Stress is affecting our bodies and minds in more ways than one, and in the long-term, these problems can lead to something severe.
Editor’s note: This article was originally published on January 31, 2020. It has since been updated.
Stress is the reaction we have to a change or challenge. It is our fight or flight reaction. In the short-term, it is good for us since it makes us more alert and gives us energy due to the production of a hormone called cortisol. However, in the long-term, the effects are anything but good. The repercussions could be more pronounced for women than men.
Hormonal differences are one of the reasons that women could be more affected by stress. Women experience greater fluctuation in their hormone levels, which is associated with symptoms of stress, according to the American Institute of Stress. During periods of stress, the body focuses more on the essential functions and compromises on the other ones, like digestion and immunity. So, the body's immunity could be compromised if it's under stress. Another factor affecting stress is increased estrogen levels, as per a study Modification of female and male social behaviors in estrogen receptor beta knockout mice by neonatal maternal separation.
When women experience chronic or long-term stress, their hormonal balance is altered and they may have more severe premenstrual syndrome (PMS) symptoms or irregular periods. It has been found that past abuse or trauma can also cause severe PMS, according to Early Life Emotional, Physical, and Sexual Abuse and the Development of Premenstrual Syndrome: A Longitudinal Study.
When women go through major life changes, stress levels are likely to increase to high levels. So, if you're planning to move homes, jobs or a city entirely, you might find yourself with lower libido, Dr. Irwin Goldstein told Huffpost. The elevated levels of cortisol can suppress the body’s natural sex hormones. However, sex can be good for decreasing stress levels since it releases endorphins, which is a feel-good hormone. It's also a great exercise, which too can relieve stress, according to Psychology Today.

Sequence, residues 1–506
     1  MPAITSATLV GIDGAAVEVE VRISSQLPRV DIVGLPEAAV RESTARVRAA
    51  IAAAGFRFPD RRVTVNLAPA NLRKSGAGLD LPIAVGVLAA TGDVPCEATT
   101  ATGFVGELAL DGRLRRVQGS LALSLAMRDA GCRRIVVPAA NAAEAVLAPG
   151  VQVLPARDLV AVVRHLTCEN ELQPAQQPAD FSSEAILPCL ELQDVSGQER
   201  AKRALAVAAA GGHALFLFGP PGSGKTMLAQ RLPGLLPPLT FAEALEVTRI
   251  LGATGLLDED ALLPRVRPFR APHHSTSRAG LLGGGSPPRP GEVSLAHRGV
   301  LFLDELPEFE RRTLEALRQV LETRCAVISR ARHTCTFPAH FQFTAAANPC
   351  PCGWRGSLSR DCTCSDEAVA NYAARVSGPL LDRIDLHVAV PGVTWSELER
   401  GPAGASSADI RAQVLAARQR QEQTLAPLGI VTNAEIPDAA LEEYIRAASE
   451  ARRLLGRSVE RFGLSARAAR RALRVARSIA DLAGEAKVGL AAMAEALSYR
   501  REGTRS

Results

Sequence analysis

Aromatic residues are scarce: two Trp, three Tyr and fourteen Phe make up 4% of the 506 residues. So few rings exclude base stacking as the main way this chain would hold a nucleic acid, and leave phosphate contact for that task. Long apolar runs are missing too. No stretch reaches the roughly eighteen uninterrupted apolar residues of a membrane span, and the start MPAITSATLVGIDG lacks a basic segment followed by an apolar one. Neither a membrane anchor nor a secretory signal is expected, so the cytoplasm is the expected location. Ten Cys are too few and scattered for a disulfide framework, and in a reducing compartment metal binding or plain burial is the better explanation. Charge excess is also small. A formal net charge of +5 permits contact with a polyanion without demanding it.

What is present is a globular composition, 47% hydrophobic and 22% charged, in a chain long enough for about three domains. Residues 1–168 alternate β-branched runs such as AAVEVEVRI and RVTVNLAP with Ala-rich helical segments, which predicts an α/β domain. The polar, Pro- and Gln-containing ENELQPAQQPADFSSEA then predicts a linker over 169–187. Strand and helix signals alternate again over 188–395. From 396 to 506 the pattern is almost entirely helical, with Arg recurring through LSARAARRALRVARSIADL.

Stress significantly reduces the probability of conception each day during the fertile window. So, when you're stressed you're not just likely to feel a reduced sex drive but conceiving would be harder too. Not being able to conceive when you want to is another factor that can increase stress, according to the Office on Women's Health.
Men are only half as likely to experience depression than women. Recent research published in Sage journals has examined differing stress responses and stress reactivity between the sexes to explain this difference. As per the Office on Women's Health, women are also more prone to anxiety disorder, including post-traumatic stress disorder, panic disorder, or obsessive-compulsive disorder. And the more symptoms of stress women experience the higher are the chances of experiencing depression and anxiety.
When women are under stress, they are more likely to gain weight than men. Stress causes an increased release of cortisol in the body and that can cause overeating as well as storing of fat in the body. Stress reduces the rate of metabolism, which can make it harder to shed those pounds, as per Huffpost. When women experience high-stress levels, they are also likely to have more sugar cravings, which adds to the weight gain.
While there are many external factors that contribute to stress, most of which are not in our control, how we manage it is largely up to us. One of the first steps is to identify your stressors and your patterns and work on them. "If you know what pushes your buttons, then avoid it. But there are stresses we have to accept, so we must change our reactions to them," explains Dr. Ann Webster, a health psychologist, according to Harvard Health Publishing. She recommends relaxation techniques, cognitive behavioral therapy and goal setting as some of the ways to reduce stress. If you feel like it is getting too much for you to handle on your own, do not hesitate to visit a doctor and take professional help in helping yourself.
https://journals.sagepub.com/doi/abs/10.1111/1467-8721.00142Disclaimer : This article is for informational purposes only and is not a substitute for professional medical advice, diagnosis, or treatment. Always seek the advice of your physician or other qualified health provider with any questions you may have regarding a medical condition.